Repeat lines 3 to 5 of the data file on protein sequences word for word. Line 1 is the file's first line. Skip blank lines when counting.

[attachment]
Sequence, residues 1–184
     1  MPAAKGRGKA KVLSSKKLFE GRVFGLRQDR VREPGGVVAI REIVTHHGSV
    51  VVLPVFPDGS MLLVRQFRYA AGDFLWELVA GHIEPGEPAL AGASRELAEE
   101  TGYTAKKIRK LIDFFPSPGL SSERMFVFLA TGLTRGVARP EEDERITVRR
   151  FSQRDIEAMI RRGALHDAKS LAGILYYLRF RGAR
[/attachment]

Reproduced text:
    51  VVLPVFPDGS MLLVRQFRYA AGDFLWELVA GHIEPGEPAL AGASRELAEE
   101  TGYTAKKIRK LIDFFPSPGL SSERMFVFLA TGLTRGVARP EEDERITVRR
   151  FSQRDIEAMI RRGALHDAKS LAGILYYLRF RGAR